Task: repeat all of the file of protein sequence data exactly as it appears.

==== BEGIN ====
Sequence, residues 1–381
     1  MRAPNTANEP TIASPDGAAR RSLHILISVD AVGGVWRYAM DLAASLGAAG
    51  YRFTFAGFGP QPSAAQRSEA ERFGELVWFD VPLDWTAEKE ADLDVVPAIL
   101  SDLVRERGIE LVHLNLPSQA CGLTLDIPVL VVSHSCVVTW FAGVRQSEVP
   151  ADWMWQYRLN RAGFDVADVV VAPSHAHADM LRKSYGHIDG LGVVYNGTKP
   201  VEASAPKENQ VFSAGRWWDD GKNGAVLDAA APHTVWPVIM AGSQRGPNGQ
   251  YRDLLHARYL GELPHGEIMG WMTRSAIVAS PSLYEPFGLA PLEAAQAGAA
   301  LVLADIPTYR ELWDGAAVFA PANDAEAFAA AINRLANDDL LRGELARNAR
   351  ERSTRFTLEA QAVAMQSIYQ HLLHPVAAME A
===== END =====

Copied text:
Sequence, residues 1–381
     1  MRAPNTANEP TIASPDGAAR RSLHILISVD AVGGVWRYAM DLAASLGAAG
    51  YRFTFAGFGP QPSAAQRSEA ERFGELVWFD VPLDWTAEKE ADLDVVPAIL
   101  SDLVRERGIE LVHLNLPSQA CGLTLDIPVL VVSHSCVVTW FAGVRQSEVP
   151  ADWMWQYRLN RAGFDVADVV VAPSHAHADM LRKSYGHIDG LGVVYNGTKP
   201  VEASAPKENQ VFSAGRWWDD GKNGAVLDAA APHTVWPVIM AGSQRGPNGQ
   251  YRDLLHARYL GELPHGEIMG WMTRSAIVAS PSLYEPFGLA PLEAAQAGAA
   301  LVLADIPTYR ELWDGAAVFA PANDAEAFAA AINRLANDDL LRGELARNAR
   351  ERSTRFTLEA QAVAMQSIYQ HLLHPVAAME A